Offering a Lifeline for Growing Number of Jewish Hungry and Poor

With Poverty Rising, Met Council Funds Outreach to Orthodox

courtesy of masbia

By Rukhl Schaechter

Published June 14, 2013, issue of June 21, 2013.
  • Print
  • Share Share
  • Multi Page

This story first appeared in the Yiddish Forverts. It was translated into English by Frimet Goldberger.

According to a study by the UJA Federation of New York, the poverty rate of the greater New York Jewish population grew exponentially as of late. More than 560,000 people — 20% of all the Jewish households in the region — live below the poverty level. This is double of what it was in 1991, not considering the 14% growth of the Jewish population since then.

This report also showed that nearly half of all children in Jewish households live under poor, or near-poor, conditions. Older, Russian-speaking folks make up the greatest percentage, followed by Hasidic families and the non-Russian-speaking elders.

When we think of poor people we envision those who cannot afford to put food on the table, or those walking around in tattered clothing. However, this issue is a lot more complicated. The report also takes into account the households that are not officially considered poor, but their income is so low, that they have to reach out for outside help — for both food and housing.

“According to the Federal guidelines, a family of four is considered poor only when its annual income is below $33,000,” said Daniel Amzallag, the Deputy Chief of Staff at Metropolitan Council on Jewish Poverty, in an interview with the Yiddish Forverts.

“This means that a family of four earning between $33,000 and $55,000 is perhaps not considered poor. But as we see it, these families are also struggling.”

In previous years, 58,000 Jewish households were in need of help. Nearly half of those were not officially poor, Amzallag said.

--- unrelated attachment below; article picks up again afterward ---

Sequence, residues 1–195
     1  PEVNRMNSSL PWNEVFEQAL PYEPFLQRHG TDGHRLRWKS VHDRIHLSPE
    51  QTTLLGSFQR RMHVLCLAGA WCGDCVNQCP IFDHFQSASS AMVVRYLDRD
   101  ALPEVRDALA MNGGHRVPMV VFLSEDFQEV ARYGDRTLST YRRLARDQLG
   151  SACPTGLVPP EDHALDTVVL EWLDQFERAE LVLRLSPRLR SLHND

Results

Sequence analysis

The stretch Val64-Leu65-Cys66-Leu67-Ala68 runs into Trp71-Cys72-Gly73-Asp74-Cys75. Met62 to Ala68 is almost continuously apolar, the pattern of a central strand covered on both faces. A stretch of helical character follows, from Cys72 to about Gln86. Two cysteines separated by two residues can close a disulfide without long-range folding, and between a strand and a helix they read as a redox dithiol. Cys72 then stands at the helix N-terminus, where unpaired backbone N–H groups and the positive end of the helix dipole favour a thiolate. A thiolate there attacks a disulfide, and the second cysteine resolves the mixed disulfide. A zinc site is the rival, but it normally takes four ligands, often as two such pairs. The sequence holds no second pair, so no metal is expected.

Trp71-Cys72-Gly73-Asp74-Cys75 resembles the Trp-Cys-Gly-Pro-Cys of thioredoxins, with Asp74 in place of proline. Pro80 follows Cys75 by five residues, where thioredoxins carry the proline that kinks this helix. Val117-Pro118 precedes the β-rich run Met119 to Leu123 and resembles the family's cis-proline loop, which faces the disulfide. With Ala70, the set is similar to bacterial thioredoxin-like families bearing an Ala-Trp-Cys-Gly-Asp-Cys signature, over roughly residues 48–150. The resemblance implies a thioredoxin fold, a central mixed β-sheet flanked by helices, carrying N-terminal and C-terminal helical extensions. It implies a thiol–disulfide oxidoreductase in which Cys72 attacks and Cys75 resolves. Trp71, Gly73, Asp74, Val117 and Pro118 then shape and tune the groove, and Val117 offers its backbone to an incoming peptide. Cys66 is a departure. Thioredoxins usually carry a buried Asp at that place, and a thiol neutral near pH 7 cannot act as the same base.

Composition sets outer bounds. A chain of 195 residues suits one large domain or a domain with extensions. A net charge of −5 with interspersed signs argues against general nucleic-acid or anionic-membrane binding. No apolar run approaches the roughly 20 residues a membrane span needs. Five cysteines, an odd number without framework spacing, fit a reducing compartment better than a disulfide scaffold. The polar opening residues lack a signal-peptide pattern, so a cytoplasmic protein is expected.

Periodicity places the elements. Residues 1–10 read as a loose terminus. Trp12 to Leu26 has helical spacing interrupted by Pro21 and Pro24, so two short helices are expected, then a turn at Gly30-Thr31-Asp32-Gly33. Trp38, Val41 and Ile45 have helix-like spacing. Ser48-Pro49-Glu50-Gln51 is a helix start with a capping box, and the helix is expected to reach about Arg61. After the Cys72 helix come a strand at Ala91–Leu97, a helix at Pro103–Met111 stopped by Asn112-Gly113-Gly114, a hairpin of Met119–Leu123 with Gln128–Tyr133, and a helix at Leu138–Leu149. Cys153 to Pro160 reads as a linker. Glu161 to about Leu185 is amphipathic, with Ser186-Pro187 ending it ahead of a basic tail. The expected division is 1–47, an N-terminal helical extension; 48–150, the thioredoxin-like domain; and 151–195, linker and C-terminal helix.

In order to service both needy groups — those who actually go hungry, and those who struggle financially — the Metropolitan Council partnered with another Jewish organization called Masbia (http://www.masbia.org/).

“We help those who are close to a crisis — the people who have empty refrigerators, and are in serious danger,” said Alexander Rapaport, the founder and manager of Masbia. “At our tables you can find an Israeli fundraising for a Yeshiva in Israel, and a non-Jewish Mexican worker. We treat everyone with respect, whether he is a Jew or not.”

One 102-year-old non-Haredi woman comes in every night from Boro Park, Rapaport added.

The Metropolitan Council, which provides 60% of the Masbia budget, comes to the aid of those who lost their jobs, or those who can no longer afford to pay tuition for their children’s schooling, by helping them apply for Food Stamps and Medicaid.

Masbia runs three restaurants in Boro Park, Flatbush, and Rego Park, Queens. In these restaurants, the needy are served with respect. Instead of waiting in line for food, they sit at tables and are served by volunteers. Most tables are encircled with curtains to provide some privacy for the individuals or families.

Until recently, the Masbia restaurant in Williamsburg was up and running. But due to a shortage in funds and lack of demand — even from those who had nothing to eat — the restaurant closed its doors.

“A well-to-do Jew in Williamsburg does not frequent restaurants. It is not a part of their culture,” Rapaport explained. “Moreover, they would not go to a restaurant known to serve the poor.”

William Rapfogel, Chief Executive Officer of the Met Council, said they will try to continue servicing the poor in Williamsburg. “Our volunteers bring non-perishable foods right to their doors.”